Coaxial Energetic Ion Depostition of Superconducting Coatings on Copper RF Cavities for Particle Accelerators
Small Business Information
Alameda Applied Sciences Corporation (aasc) (Currently Alameda Applied Sciences Corporation)
626 Whitney Street, San Leandro, CA, 94577
Abstract75521S Radio frequency (RF) cavities are a key component in particle accelerators for fundamental high-energy physics research and medical applications. To enhance their capabilities, niobium-coated superconducting copper cavities have shown promise for supporting higher electric field gradients when compared to non-superconducting designs. However, a satisfactory coating method has not been developed that can deposit high-quality superconducting films on the insides of these cavities. To date the maximum field gradient that can be supported in niobium coated copper cavities is about 15 MV/m, which is not adequate for future accelerator designs. Also, sheet niobium in use is expensive. This project will develop a deposition process for coating the inside of copper RF accelerator cavities with high-quality, superconducting films that will allow particle accelerators to achieve field gradients greater than 15 MV/m. In Phase I, copper test samples, along with several sapphire and copper witness plates, were coated with niobium films using the Coaxial Energetic Deposition process. The superconducting transition temperature, Tc, and Residual Resistivity Ratio (RRR) for the films was measured to determine the superconducting properties, and film properties were assessed. Finally, a segment of an actual RF accelerator cavity was coated with niobium. Phase II will develop a Coaxial Energetic Deposition system that is capable of accommodating and coating 1.3 and 1.5 GHz RF accelerator cavities. In addition, a production system for transition to Phase III will be developed. Commercial Applications And Other Benefits as described by the awardee: The superconducting thin film coatings for accelerator cavities should reduce the development and operating costs of particle accelerators, and allow them to achieve higher particle energies. Other applications include enhanced protective coatings for coal gasification, olefin manufacturing, and gun barrels for the military.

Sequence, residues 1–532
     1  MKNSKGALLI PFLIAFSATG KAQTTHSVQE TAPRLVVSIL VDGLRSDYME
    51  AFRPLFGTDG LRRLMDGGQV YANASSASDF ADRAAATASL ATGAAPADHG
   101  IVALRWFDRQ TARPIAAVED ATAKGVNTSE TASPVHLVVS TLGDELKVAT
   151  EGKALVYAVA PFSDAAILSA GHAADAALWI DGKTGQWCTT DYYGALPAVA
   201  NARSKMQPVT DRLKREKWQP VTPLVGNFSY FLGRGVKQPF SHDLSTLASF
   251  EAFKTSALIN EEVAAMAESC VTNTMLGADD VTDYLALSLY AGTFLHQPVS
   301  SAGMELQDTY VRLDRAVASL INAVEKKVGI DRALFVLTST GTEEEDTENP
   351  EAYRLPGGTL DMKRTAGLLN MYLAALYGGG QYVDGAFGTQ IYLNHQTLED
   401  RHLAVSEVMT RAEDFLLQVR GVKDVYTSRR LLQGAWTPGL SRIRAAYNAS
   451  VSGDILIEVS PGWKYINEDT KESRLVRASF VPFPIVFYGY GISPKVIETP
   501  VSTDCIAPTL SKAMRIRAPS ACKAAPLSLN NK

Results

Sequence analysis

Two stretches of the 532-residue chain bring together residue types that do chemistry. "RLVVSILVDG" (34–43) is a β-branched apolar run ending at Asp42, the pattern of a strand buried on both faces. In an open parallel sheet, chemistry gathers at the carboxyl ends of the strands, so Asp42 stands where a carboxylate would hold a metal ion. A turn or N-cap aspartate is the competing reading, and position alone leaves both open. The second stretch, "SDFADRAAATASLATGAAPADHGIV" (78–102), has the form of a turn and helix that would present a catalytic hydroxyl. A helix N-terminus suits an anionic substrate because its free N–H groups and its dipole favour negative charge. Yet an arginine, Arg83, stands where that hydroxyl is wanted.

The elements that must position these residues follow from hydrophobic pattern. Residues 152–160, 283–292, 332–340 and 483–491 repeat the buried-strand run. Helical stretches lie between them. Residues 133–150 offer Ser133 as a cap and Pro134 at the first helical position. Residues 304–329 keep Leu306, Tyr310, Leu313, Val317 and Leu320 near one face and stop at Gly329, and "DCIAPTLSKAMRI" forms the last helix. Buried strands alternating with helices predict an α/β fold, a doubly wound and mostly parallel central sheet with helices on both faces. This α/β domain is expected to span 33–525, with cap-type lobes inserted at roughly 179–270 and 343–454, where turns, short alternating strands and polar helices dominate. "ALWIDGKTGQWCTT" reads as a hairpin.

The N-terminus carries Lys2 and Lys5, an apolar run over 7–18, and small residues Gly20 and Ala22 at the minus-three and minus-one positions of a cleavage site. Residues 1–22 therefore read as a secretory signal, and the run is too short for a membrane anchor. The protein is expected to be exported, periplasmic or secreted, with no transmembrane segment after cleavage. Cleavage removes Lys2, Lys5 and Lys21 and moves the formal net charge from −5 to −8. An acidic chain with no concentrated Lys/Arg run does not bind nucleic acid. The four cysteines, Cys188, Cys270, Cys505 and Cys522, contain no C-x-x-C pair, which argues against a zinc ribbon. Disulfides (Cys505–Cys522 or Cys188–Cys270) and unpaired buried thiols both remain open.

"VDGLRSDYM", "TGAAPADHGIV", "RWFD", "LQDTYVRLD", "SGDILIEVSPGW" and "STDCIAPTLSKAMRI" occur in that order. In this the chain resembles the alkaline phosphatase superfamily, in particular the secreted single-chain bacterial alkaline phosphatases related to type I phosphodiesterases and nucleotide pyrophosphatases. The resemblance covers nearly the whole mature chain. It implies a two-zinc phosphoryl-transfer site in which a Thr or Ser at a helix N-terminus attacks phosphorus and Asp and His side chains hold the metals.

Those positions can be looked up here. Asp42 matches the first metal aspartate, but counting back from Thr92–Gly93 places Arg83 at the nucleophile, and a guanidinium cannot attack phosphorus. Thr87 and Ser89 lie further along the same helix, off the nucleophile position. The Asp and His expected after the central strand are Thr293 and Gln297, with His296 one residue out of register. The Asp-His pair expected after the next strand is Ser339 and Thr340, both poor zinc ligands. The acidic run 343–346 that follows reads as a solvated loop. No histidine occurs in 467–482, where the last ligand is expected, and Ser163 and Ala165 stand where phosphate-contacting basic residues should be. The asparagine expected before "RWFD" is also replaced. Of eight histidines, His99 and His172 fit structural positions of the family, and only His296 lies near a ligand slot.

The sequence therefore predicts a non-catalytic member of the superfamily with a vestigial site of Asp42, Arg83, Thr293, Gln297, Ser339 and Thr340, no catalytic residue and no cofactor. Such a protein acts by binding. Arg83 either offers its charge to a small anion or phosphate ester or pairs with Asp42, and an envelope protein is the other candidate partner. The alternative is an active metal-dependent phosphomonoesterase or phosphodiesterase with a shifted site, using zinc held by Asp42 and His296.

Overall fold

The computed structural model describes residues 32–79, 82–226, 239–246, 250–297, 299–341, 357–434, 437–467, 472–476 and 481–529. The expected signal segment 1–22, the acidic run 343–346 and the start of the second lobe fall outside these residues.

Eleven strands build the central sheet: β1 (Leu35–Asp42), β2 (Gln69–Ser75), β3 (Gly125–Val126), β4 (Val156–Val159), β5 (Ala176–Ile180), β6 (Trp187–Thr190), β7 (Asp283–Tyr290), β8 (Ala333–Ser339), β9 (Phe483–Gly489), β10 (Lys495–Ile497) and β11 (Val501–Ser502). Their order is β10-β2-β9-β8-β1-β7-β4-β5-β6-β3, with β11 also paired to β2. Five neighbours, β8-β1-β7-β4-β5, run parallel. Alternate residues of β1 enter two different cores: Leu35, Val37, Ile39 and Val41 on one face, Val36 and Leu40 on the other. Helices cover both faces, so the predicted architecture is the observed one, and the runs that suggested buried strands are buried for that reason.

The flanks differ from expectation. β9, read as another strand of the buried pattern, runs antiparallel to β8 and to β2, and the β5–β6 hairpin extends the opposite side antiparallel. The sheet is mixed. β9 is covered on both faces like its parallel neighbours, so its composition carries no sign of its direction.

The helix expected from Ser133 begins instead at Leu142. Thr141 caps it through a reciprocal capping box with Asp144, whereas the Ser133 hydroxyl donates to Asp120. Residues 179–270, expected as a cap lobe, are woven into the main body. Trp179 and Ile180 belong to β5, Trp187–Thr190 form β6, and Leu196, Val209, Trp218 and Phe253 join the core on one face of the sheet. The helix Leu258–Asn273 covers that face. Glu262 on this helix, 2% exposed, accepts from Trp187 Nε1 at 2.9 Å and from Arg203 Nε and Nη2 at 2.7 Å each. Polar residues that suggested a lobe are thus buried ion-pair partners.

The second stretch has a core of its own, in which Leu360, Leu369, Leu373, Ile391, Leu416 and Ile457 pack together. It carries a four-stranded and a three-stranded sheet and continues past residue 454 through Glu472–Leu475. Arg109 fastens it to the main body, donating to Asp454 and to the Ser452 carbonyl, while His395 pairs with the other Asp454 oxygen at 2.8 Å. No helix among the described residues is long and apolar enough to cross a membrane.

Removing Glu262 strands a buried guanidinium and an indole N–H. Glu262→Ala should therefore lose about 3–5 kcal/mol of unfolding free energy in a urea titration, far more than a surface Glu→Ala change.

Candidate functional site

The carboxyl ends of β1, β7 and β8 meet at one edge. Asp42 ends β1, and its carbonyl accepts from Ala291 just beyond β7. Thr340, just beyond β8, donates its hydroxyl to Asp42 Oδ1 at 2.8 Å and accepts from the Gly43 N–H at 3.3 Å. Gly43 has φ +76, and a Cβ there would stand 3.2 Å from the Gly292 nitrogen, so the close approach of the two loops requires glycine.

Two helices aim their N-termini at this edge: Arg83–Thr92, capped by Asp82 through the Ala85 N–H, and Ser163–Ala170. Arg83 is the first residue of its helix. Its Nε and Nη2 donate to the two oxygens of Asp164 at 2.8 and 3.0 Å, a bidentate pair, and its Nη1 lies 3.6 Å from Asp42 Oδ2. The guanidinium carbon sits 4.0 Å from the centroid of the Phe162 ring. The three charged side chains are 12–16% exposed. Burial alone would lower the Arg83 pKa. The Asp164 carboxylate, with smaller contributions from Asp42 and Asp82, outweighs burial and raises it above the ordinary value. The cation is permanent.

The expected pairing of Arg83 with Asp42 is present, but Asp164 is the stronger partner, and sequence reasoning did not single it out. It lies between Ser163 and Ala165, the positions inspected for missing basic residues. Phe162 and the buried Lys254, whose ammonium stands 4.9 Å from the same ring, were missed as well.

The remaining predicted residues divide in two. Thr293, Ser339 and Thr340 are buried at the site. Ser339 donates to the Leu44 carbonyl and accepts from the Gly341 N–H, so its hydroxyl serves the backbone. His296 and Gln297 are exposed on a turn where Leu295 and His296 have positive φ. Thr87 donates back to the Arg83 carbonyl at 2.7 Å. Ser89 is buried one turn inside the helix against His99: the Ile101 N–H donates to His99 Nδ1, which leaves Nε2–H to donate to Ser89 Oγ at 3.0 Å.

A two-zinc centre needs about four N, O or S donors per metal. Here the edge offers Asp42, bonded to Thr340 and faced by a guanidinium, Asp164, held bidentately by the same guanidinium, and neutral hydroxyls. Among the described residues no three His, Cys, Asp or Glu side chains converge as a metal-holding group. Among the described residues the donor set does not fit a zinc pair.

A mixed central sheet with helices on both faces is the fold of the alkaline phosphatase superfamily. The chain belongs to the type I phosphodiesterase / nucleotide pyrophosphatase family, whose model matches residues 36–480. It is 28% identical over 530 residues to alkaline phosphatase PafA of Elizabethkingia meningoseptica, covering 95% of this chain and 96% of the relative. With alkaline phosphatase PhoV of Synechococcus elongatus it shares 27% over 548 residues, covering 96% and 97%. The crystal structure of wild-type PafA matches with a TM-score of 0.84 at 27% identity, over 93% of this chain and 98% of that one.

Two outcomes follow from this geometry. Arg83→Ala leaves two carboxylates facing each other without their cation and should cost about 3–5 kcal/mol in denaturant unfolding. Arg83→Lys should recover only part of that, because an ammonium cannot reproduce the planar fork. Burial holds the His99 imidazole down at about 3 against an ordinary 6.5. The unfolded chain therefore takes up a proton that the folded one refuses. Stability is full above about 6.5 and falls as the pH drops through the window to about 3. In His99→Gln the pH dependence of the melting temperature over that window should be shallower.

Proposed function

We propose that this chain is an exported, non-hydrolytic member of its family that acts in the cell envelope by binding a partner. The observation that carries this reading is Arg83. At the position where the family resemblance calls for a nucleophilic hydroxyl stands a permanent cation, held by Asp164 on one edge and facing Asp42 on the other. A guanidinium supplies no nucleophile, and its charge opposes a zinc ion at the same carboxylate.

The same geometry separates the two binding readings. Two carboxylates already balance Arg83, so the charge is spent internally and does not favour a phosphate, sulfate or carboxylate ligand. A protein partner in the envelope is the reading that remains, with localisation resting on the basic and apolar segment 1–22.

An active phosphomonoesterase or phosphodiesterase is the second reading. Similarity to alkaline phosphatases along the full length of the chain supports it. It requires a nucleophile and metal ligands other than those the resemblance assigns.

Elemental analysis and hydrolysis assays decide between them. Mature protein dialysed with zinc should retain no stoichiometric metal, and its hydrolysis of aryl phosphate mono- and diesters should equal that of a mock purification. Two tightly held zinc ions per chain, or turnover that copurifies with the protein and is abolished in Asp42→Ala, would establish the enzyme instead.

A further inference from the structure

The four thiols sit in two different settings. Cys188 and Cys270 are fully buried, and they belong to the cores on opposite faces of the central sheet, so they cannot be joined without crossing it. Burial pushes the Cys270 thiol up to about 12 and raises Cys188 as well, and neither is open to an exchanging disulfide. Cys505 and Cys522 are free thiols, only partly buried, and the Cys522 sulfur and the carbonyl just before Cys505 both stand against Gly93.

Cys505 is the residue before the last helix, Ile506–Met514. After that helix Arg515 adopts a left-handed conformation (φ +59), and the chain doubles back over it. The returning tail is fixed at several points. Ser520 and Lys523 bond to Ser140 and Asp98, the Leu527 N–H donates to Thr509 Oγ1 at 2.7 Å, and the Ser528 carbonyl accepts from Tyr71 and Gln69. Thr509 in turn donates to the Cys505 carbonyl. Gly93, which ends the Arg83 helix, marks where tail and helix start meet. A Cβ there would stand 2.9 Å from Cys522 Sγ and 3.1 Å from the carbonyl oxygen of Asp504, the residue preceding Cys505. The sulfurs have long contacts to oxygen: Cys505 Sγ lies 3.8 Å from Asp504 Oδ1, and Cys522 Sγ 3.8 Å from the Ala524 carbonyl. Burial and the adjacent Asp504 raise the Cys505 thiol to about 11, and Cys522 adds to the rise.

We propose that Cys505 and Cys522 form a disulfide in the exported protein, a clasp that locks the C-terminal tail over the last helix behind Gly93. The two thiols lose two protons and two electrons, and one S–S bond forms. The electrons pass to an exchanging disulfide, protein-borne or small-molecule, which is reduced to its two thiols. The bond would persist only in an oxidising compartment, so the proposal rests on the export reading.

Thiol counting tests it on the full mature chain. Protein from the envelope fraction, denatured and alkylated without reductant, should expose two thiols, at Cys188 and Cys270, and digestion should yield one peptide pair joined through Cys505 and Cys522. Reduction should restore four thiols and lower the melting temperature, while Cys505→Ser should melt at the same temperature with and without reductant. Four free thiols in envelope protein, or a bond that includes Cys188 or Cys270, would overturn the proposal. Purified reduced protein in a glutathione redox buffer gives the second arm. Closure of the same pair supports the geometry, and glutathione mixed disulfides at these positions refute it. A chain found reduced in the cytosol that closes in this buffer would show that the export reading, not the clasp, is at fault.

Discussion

* information listed above is at the time of submission.